ALBANY – Gov. Andrew M. Cuomo, with his poll numbers continuing to drag and federal prosecutors looking at his signature economic development programs, raised $4 million for his next campaign the past six months, a drop from comparable periods in other years.
The $4 million raised from mid-January through mid-July is less than the $5 million he brought in during the first half of last year. And the money raised by Cuomo in the second year of his second term is down nearly $2 million from the same period in 2012 when he was in the second year of his first term.
A Democratic source said Cuomo’s donation-raising efforts don’t include $778,000 in receipts reported by a state Democratic Party’s housekeeping account that Cuomo controls and that is intended to help fund New York delegation expenses at the upcoming national party convention in Philadelphia. But that same political party account last year reported housekeeping receipts of $2.4 million.
Also, more than $416,000 in Cuomo donations made public Friday were noted as being received after July 11, the cutoff date for reporting as set by the state Board of Elections; a campaign spokesman said the checks were actually dated on July 11, so they could be counted in the newest report.
Despite the slip in the pace of his fundraising, Cuomo does have something going for him: a lot of money in the bank. In all, Cuomo reported a campaign bank account balance of $19.1 million, up sharply from a year ago when, coming off the 2014 campaign, he reported $12.7 million on hand. The current balance is comparable to the $19.3 million he had on hand in July 2012.
Meanwhile, Republican Westchester County Executive Rob Astorino, who lost to Cuomo in 2014 and is eyeing another potential run in 2018, raised $953,000 during the past six months. He reported having nearly $1.7 million in the bank.
Cuomo’s largest donor so far in 2016 is Dr. Richard Merkin, a Southern California resident. Merkin is head of the Heritage Provider Network, a physician-led managed care organization whose business includes more than 70,000 patients in New York.
Other statewide candidate filings include Lt. Gov. Kathy Hochul, who has $180,000 on hand, and state Comptroller Thomas DiNapoli, with $1.1 million in the bank. Attorney General Eric Schneiderman’s report was not made public as of Friday evening.
As has become routine the past decade, campaign finance filing deadline day is also a time for reporters to hunt through records to see which politician facing legal troubles used their campaign accounts to pay for criminal defense lawyers. Friday did not disappoint.
Former Senate Majority Leader Dean Skelos spent $615,000 from his now-dormant campaign to pay the legal tab to two law firms from January through March, his new filing on Friday showed. Skelos was a prolific fundraiser during his time in office, illustrated by how much he still has left in his campaign bank account – $925,000 – to now fund the legal costs of his appeal on his conviction on federal corruption charges. Skelos was sentenced in May to five years in prison.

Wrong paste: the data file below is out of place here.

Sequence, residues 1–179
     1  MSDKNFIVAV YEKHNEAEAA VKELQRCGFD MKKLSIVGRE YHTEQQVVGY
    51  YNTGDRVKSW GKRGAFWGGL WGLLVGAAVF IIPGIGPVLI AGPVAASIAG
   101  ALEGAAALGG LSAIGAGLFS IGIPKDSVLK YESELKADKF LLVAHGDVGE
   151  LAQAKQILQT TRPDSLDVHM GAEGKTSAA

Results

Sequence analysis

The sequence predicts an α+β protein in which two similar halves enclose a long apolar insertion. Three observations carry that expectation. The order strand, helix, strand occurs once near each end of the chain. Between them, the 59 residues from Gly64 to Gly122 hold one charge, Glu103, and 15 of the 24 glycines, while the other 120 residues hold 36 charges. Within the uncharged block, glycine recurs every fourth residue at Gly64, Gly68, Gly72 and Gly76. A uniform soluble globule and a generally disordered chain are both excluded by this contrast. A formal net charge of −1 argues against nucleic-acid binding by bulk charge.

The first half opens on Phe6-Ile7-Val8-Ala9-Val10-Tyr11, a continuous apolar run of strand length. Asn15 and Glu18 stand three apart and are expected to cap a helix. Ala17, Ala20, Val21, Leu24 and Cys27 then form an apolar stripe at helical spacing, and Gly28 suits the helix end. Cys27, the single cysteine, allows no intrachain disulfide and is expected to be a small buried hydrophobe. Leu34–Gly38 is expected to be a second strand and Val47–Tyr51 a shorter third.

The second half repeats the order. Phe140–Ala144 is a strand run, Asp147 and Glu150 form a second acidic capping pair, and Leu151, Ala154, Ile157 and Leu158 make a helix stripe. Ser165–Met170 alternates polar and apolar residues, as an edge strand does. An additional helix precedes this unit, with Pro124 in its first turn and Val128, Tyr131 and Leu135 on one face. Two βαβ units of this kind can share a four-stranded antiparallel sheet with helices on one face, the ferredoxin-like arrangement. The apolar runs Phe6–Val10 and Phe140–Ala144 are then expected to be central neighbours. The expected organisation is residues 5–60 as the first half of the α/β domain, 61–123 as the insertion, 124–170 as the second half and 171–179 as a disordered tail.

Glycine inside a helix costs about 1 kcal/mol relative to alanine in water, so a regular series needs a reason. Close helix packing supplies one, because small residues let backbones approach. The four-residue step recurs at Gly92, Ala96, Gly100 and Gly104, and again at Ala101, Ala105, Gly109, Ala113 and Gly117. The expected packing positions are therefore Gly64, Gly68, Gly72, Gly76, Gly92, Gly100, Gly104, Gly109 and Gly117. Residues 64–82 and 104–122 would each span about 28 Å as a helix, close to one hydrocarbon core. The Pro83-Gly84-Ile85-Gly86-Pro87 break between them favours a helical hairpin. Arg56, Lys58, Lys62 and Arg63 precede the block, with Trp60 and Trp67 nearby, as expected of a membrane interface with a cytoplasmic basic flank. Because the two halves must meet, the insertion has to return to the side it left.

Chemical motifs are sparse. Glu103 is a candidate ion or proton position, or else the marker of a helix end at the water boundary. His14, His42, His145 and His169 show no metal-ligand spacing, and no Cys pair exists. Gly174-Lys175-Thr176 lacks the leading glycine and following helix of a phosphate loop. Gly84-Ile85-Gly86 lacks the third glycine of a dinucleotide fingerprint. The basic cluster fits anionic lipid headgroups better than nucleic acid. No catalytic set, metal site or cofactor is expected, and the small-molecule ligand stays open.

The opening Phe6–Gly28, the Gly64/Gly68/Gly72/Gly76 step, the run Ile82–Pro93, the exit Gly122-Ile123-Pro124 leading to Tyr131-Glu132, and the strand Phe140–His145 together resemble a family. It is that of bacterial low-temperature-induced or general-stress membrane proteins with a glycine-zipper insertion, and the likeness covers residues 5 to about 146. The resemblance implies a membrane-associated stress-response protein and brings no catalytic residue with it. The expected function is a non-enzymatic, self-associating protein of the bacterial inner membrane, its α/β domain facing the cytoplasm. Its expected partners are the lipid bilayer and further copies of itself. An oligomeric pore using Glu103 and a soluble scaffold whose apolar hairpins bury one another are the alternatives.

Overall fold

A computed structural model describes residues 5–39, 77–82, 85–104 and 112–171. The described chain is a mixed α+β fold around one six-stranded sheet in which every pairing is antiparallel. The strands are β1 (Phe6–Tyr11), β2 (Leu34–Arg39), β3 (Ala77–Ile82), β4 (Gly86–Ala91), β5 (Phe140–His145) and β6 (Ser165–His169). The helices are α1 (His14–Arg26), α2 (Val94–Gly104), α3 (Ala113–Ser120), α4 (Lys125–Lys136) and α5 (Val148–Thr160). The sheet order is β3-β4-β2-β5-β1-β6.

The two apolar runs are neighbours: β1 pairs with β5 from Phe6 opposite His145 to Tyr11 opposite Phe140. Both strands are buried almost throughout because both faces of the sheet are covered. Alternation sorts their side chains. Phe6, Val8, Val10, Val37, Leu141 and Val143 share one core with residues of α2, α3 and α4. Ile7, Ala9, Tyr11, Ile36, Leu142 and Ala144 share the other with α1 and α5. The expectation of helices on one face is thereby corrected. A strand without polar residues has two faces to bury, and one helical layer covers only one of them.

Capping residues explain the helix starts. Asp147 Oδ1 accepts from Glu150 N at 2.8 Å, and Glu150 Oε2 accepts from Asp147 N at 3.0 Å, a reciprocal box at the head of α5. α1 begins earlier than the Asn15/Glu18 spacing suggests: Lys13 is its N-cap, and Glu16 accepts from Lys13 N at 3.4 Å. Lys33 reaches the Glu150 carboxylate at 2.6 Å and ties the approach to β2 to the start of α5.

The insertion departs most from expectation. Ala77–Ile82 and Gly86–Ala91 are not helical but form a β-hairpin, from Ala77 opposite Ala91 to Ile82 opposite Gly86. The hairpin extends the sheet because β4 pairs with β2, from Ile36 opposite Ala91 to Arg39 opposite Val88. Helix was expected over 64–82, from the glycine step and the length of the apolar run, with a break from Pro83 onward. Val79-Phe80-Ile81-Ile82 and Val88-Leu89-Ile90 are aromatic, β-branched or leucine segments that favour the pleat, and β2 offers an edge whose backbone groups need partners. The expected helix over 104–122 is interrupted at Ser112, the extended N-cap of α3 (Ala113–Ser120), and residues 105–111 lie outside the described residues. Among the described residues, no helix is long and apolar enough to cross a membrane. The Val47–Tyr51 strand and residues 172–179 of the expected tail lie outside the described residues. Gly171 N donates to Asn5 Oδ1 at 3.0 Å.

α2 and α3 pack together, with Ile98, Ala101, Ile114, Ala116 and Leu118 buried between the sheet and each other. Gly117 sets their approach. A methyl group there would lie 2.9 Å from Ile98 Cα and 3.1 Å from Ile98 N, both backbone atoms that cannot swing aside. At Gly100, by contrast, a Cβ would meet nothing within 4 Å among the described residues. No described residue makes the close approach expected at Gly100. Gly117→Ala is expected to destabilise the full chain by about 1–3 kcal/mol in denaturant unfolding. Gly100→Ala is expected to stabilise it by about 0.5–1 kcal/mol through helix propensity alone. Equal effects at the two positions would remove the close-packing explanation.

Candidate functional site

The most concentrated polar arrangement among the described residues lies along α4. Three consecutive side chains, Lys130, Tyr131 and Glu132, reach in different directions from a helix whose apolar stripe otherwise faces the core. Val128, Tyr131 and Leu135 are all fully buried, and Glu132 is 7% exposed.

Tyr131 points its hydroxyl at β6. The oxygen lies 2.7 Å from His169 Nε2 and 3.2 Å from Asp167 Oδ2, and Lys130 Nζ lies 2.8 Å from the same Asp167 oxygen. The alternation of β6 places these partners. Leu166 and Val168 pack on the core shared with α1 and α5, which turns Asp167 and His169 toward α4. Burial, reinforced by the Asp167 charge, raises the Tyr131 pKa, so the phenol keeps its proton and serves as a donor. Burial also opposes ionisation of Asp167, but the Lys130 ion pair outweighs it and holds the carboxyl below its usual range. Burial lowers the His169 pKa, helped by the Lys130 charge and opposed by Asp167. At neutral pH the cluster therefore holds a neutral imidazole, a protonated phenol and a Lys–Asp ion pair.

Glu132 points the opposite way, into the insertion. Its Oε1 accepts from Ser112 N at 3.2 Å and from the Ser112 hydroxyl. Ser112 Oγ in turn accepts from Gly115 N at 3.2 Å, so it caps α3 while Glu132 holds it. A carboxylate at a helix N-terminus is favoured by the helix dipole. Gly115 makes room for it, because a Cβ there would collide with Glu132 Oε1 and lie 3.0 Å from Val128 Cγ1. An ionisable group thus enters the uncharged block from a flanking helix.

Former Assembly Speaker Sheldon Silver already had ripped through a large portion of the money he had left in his campaign account, so he had less to spend. Silver also was convicted on corruption charges and sentenced in May to 12 years in prison and more than $6 million in fines and forfeiture. Silver’s report was not filed as of Friday evening.
Outgoing Sen. Marc Panepinto, a Buffalo Democrat, paid $25,000 to two law firms following revelations in March about possible sexual harassment allegations within his Senate office. The state’s Joint Commission on Public Ethics this spring launched an initial inquiry into undisclosed complaints about Panepinto’s office. Panepinto surprised Buffalo political insiders when he announced in March that he would not seek a second term in this fall’s elections.
Since then, Panepinto’s campaign account has paid $15,000 to Greenberg Traurig, an Albany law firm, and in April it spent $10,000 with Manhattan law firm Harris, St. Laurent & Chaudhry.
The campaign account of the late Sen. Thomas Libous, a Binghamton Republican who died of cancer in May, also spent nearly $90,000 with an Albany law firm. Libous, then the second highest ranking Senate Republican, was convicted last July of lying to FBI investigators looking into what role he played in getting his son a job with a politically wired law firm.
Early fundraising activities for the Senate 60th District race, which will be a serious contest between Republicans and Democrats in the November race to determine control of the State Senate, began trickling in Friday.
On the Republican side, Erie County Clerk Christopher Jacobs reported $495,000 in receipts between January and mid-July for his bid for the seat now held by Panepinto. Of that amount, $200,000 came from a personal loan Jacobs made to his Senate run, along with a $100,000 transfer from his existing county clerk campaign account. He reported $463,000 in the bank. Kenmore attorney Kevin Stocker, who is challenging Jacobs in a GOP primary, raised $1,615, giving him $7,850 in the bank. But he also listed $345,000 in liabilities and outstanding loans from previous political campaigns he’s run. Stocker only announced his Senate race against Jacobs in the past week.
Campaign finance information for two Democrats running for the 60th, Amber Small and Al Coppola, were not available Friday evening.